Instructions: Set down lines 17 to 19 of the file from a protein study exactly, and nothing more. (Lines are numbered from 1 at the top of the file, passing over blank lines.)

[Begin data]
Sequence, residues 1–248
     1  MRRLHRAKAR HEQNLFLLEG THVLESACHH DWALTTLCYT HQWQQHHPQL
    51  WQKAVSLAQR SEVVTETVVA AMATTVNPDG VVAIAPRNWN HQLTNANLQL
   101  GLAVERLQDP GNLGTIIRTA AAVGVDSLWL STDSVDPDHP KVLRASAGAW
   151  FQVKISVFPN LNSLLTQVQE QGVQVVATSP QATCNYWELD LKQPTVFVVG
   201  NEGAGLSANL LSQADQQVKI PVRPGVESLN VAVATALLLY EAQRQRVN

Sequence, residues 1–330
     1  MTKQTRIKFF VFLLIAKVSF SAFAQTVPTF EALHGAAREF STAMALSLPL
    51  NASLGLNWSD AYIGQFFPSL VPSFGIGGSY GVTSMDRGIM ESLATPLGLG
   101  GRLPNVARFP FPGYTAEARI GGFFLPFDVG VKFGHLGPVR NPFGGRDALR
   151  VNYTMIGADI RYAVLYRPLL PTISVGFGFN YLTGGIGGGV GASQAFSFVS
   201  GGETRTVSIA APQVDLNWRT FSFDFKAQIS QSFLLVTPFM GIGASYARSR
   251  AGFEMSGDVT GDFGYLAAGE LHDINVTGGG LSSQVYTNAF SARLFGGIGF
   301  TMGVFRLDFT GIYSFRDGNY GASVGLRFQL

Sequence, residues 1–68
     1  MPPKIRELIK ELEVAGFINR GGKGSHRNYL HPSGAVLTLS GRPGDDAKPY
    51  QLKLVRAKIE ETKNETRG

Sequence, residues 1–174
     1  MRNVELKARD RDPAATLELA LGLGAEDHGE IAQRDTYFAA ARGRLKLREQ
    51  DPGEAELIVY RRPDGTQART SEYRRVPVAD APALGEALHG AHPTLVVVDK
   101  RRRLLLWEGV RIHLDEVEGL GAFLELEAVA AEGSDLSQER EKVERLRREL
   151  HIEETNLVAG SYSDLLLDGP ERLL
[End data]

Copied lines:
    51  QLKLVRAKIE ETKNETRG

Sequence, residues 1–174
     1  MRNVELKARD RDPAATLELA LGLGAEDHGE IAQRDTYFAA ARGRLKLREQ